The True Hip Flexor Stretch

‘Tight’ hip flexors is probably one of he most common gym niggles that trainers hear about.   However, are hip flexors genuinely short, or is it simply a case of position….?


Refer back to my post here for distinguishing between something that’s genuinely tight, and something thats really an alignment issue.  However,  if we do come across hip flexors that need a bit of attention,  then the classic kneeling hip flexor stretch is probably one of the most commonly prescribed solutions.  It is also, however, one of the most commonly performed incorrectly!

To address any kind of movement deficit – we need to firstly understand how to correctly assess and quantify movement.  Movement of any part of our anatomy should always (and only) be considered relative to other parts of our anatomy.  Functional anatomy, therefore,  should be the ultimate guidance for assessing, prescribing, and correcting movement.

Without an understanding of the functional anatomy of the hips, correcting movement will be guesswork

Assessing or correcting movement relative to any kind of arbitrary external reference  – even one as constant as the floor  – is misleading. In order to understand where one part of our anatomy is, we need to understand where the other parts are.  If we get this part wrong, then best case is we’re doing nothing – but in all likelihood we’re stretching into instability and setting ourselves up for bigger problems in the future.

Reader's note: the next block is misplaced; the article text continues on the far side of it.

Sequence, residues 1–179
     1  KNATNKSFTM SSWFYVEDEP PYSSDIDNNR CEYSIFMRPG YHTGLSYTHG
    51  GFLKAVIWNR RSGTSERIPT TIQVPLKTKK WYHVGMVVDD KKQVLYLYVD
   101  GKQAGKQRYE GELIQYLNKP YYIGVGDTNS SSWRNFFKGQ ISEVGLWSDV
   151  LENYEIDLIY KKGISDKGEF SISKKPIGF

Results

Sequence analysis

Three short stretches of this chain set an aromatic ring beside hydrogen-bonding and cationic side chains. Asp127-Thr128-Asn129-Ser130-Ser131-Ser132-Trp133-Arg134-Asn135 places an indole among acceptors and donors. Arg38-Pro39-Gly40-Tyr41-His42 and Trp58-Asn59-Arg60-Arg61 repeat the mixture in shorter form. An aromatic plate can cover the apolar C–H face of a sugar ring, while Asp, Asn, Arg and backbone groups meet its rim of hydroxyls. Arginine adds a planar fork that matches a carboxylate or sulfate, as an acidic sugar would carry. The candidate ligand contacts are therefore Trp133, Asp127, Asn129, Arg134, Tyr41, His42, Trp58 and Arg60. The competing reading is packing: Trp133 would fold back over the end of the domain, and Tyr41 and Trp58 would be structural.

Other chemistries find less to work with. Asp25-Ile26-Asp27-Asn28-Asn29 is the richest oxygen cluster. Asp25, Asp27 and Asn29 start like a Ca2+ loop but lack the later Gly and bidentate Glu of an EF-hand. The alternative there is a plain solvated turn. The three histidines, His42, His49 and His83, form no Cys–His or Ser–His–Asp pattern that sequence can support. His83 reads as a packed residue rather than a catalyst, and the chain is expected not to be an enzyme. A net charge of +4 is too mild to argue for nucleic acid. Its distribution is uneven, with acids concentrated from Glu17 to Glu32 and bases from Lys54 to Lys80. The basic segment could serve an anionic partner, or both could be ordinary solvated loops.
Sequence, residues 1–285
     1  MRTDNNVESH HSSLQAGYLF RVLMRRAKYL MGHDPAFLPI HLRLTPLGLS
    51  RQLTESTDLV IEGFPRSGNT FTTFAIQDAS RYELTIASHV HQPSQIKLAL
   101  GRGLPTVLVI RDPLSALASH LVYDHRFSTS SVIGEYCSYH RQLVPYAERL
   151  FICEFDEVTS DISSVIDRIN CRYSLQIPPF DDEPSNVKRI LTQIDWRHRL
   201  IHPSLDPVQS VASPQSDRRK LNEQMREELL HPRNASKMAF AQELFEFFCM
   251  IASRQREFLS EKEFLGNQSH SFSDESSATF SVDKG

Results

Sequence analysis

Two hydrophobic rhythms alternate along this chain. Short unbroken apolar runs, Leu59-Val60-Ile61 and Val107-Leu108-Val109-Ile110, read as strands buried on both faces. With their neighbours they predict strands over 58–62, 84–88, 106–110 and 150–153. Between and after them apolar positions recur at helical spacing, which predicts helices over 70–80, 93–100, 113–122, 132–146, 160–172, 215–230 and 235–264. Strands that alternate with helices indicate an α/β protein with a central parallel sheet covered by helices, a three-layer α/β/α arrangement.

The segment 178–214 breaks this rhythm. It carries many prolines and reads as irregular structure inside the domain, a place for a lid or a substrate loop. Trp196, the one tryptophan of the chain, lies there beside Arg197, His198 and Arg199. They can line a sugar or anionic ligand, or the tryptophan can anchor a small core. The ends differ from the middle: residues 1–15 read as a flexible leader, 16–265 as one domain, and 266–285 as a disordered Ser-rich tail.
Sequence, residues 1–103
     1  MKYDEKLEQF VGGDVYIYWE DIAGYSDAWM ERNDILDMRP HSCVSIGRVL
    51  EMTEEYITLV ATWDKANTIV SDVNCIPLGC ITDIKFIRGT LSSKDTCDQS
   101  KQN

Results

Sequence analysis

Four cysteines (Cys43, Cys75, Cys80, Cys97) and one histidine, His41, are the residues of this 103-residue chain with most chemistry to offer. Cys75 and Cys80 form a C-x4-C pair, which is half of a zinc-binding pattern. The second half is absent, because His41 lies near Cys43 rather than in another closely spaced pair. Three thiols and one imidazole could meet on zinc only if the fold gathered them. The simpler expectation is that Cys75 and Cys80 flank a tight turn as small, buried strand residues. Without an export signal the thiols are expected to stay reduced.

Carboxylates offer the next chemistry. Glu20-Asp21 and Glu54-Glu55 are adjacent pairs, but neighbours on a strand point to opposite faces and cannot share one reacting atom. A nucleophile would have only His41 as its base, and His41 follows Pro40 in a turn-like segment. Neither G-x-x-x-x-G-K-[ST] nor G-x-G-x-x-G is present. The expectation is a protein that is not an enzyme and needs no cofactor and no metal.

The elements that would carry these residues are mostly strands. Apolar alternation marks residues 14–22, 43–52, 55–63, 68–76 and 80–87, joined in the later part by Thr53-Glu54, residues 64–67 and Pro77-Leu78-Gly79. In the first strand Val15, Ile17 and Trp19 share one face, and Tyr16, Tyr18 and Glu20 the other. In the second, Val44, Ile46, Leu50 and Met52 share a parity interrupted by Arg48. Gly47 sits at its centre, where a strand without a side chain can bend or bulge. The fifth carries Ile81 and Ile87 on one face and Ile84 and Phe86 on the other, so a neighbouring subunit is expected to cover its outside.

The true hip flexor stretch involves positioning the femur and the hips in such a way relative to each other that tension is created along the length of the hip flexors,  whilst still maintaining the ‘canister’ position that we work so hard to create.  A true hip flexor stretch is actually a very subtle movement and should create no more than a few degrees of movement – any time we observe a hip flexor ‘stretch’ with the femur in excessive extension (travelling way behind the torso) we know that this movement is being ‘borrowed’ from elsewhere.

I put this video out giving a visual representation of what is actually happening at the FA joint when we ‘think’ we’re stretching a hip flexor, versus what is happening when we really are stretching a hip flexor!

2020-07-02T11:01:00+00:00July 2nd, 2020|0 Comments

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